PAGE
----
Restrictive cardiomyopathy is the least common form and occurs when the heart muscle of the ventricles, or myocardium, is excessively rigid, impairing the filling of the ventricles with blood between heartbeats. Tiredness, shortness of breath and swollen feet and hands typically occur.
Arrhythmogenic right ventricular cardiomyopathy
In another form of cardiomyopathy, the heart muscle is replaced by fibrous scar and fatty tissue. This may occur after a heart attack, where muscle is damaged – the right ventricle tends to be most affected. The right side of the heart may first thicken and later dilate – become thinner. It may lead to disordered electrical activity, and in some cases problems with the heart’s pumping action.
What is cardiomyopathy?
Cardiomyopathy is a disease that changes the structure of the muscle tissue in the heart, or makes it weaker, so it’s less able to pump blood efficiently.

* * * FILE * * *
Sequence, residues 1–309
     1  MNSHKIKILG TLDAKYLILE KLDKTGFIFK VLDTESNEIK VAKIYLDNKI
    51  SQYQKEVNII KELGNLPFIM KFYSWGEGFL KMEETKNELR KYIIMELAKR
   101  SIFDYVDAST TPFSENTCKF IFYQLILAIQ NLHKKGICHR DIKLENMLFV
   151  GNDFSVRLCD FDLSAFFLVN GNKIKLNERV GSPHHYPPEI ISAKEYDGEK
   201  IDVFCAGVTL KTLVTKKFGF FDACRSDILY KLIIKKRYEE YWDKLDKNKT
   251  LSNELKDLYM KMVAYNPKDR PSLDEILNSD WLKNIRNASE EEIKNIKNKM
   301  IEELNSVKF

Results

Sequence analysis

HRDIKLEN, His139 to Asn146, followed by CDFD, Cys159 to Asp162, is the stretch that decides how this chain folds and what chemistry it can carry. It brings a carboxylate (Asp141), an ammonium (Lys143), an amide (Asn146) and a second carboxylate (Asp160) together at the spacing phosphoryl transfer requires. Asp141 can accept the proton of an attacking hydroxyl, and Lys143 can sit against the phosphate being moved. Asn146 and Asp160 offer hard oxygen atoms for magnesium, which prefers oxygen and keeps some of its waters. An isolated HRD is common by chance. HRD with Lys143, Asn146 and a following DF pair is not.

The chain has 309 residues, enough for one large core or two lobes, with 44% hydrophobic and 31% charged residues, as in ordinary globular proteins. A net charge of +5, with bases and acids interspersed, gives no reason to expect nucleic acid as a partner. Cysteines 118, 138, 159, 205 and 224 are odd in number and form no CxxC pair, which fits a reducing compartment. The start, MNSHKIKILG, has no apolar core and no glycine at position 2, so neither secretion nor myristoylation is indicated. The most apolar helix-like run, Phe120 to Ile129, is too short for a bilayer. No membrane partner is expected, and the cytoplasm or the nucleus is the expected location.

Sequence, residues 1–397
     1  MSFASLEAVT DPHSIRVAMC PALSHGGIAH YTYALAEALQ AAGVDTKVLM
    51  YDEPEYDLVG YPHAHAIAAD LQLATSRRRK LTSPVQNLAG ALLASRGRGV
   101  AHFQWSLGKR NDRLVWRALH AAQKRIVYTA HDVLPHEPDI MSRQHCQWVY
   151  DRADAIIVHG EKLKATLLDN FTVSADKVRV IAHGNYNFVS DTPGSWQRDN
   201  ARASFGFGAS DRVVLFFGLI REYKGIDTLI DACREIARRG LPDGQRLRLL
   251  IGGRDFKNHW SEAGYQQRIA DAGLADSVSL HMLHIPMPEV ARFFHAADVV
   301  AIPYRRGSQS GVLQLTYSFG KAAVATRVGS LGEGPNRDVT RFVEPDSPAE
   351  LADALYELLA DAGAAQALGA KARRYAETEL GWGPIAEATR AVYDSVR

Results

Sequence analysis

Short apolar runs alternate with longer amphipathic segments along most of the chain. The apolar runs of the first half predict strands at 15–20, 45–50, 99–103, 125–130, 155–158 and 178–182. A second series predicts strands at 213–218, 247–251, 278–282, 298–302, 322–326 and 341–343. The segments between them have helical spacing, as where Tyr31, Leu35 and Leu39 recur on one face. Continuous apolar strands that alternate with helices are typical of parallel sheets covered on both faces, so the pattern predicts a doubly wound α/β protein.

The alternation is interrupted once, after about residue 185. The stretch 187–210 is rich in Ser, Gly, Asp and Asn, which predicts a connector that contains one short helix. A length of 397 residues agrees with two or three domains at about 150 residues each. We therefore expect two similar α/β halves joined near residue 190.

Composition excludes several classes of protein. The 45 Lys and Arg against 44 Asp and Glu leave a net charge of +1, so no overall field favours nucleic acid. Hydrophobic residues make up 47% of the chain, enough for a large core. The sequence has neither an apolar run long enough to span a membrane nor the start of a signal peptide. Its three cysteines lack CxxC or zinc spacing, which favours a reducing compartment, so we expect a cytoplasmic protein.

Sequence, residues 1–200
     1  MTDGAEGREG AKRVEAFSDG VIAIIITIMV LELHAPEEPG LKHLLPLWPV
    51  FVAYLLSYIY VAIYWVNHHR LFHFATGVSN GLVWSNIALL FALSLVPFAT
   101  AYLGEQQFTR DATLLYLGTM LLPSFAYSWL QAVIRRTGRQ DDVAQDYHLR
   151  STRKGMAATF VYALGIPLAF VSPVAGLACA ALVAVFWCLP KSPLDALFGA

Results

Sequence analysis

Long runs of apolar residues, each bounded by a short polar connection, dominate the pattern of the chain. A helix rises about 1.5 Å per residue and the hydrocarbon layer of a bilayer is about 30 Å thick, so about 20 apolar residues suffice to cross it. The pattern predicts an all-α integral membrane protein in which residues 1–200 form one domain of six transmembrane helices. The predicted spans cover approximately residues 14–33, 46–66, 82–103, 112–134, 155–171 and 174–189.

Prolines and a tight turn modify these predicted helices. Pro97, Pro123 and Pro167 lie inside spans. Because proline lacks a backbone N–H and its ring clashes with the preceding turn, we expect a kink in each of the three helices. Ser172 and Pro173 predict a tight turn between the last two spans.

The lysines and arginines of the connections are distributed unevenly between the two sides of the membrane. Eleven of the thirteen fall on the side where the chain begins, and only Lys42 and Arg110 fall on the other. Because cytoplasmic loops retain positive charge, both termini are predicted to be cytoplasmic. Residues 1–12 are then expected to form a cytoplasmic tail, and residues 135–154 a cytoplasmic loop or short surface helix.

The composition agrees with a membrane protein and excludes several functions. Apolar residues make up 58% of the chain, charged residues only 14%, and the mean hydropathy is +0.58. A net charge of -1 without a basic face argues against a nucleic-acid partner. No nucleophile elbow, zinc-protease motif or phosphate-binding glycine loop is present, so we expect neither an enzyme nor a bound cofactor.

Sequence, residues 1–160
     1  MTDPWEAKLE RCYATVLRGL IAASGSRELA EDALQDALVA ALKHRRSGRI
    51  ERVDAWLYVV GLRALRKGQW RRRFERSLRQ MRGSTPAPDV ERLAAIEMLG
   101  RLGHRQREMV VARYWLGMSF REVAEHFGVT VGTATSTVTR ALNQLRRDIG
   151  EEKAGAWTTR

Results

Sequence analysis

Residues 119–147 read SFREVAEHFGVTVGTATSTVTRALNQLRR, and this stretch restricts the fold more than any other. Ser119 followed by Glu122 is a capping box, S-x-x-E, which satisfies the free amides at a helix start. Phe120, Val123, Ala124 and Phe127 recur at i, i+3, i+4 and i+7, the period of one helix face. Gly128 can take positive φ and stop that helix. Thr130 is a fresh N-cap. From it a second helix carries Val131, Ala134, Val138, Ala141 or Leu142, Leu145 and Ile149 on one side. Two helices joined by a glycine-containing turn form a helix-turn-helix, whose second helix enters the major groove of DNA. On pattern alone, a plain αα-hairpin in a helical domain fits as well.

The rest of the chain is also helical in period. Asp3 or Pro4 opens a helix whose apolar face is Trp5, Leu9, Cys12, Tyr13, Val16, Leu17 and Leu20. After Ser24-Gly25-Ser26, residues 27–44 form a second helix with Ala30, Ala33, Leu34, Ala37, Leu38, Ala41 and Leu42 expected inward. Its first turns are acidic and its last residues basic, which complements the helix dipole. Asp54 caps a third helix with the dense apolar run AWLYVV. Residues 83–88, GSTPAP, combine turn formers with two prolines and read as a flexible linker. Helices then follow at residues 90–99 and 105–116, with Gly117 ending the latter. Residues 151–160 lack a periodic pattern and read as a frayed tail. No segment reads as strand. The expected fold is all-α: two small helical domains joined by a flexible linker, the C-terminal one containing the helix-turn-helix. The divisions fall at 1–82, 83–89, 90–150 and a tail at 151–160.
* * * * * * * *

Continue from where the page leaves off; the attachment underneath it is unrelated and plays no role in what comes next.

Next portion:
Symptoms may appear suddenly with loss of consciousness, or there may be warning signs such as pain in the chest (angina), unexplained breathlessness or a rapid heartbeat (palpitations or arrhythmia).
Cardiomyopathy may be either:
- Primary – no specific cause can be identified
- Secondary – causes can be identified, such as hypertension (high blood pressure), heart valve disease, artery diseases or congenital heart defects, as well as disease affecting organs other than the heart. Alcohol and drug use (both street drugs and medical drugs) can also cause cardiomyopathies
There are three main types of cardiomyopathy or disease of the heart muscle: